Blue Pendant Plant Info: How To Grow A Weeping Blue Ginger Plant

The weeping blue ginger plant (Dichorisandra pendula) is not a true member of the Zingiberaceae family but has the appearance of a tropical ginger. It is also known as blue pendant plant and makes an outstanding houseplant. The blooms come every year and the glossy green leaves closely resemble plants in the ginger family. Growing weeping blue ginger in the home or outdoors in warmer regions is easy and provides a much-needed pop of color almost year-round.

About Weeping Blue Ginger Plant

Ginger plants have amazing foliage and flowers. Weeping blue ginger flowers, though, are very different from those plants in the true ginger family. Their flowers have a distinctly tropical look while those of the weeping ginger are delicate and small. They dangle from the stems, leading to the name blue pendant plant.

Blue ginger is a member of the spiderwort family and not affiliated with true gingers. What it does have in common with ginger is its arrow-shaped, glossy green, firm leaves. These dance along a delicate wiry stem that arches, creating a cascading effect.

The deep blue flowers hang from the stems and are comprised of three large petals with a white center. Weeping blue ginger flowers grow up to 2 inches (5 cm.) in diameter and bloom from spring well into late fall. Bees will love the flowers.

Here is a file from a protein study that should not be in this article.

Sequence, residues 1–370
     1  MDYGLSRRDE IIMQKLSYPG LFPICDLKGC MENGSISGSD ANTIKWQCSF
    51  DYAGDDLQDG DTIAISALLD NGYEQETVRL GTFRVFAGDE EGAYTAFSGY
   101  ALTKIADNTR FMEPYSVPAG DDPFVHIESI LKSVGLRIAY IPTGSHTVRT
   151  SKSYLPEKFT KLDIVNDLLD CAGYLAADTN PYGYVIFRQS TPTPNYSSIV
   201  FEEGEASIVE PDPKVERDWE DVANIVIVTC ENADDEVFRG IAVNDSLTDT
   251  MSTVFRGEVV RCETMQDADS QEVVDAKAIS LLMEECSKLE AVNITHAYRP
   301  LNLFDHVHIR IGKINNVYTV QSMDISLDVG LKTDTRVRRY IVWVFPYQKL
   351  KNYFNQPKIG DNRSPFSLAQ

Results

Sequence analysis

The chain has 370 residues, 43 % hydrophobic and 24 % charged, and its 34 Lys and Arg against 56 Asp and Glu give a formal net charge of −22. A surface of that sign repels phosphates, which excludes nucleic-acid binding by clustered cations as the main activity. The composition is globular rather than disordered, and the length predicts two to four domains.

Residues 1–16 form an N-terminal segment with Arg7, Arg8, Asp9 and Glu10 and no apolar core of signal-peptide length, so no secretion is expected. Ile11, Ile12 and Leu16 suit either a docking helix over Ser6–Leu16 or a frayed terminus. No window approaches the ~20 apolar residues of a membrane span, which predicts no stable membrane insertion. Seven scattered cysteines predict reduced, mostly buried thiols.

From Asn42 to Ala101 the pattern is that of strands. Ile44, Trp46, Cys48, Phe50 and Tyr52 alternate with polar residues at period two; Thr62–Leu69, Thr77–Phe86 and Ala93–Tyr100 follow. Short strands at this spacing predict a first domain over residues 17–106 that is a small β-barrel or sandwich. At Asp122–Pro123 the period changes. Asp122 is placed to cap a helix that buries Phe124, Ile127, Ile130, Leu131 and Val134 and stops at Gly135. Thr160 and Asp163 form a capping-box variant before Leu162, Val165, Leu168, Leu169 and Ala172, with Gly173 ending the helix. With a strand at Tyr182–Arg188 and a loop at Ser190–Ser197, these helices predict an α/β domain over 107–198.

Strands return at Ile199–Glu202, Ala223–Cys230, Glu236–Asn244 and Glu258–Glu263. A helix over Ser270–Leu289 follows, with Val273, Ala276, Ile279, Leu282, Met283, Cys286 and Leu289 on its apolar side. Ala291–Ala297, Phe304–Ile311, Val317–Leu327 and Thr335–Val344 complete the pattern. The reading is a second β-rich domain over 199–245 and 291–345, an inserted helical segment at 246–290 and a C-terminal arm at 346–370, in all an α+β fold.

Growing Weeping Blue Ginger

Weeping blue ginger hails from Brazil and likes a tropical environment. It needs dappled light and well-draining, humus rich soil. During sunny periods, the flowers will close and reopen when direct sun is not on the plant.

Outside these tropical-like areas, the plant is best grown in a container. Move the container to a partial shade location outside in summer. Bring the plant indoors well before cold temperatures threaten.

The biggest tip on weeping blue ginger care is to keep the plant moist but do not overwater it. Use a moisture meter to determine the root moisture levels or put a finger through the drainage holes to make sure soil is damp at the roots.

This tropical plant needs high humidity. Place the container in a saucer that is filled with pebbles and water. The evaporation will increase humidity. Alternatively, mist the leaves daily.

Fertilize with houseplant food in spring and again in midsummer. Do not feed the plant in winter.

The entire plant is compact and will not exceed 36 inches (92 cm.). The branches are arranged laterally and can be pruned from the top to keep the plant dense. You can share this plant through cuttings or division.

Bonnie L. Grant

Bonnie Grant is a professional landscaper with a Certification in Urban Gardening. She has been gardening and writing for 15 years. A former professional chef, she has a passion for edible landscaping.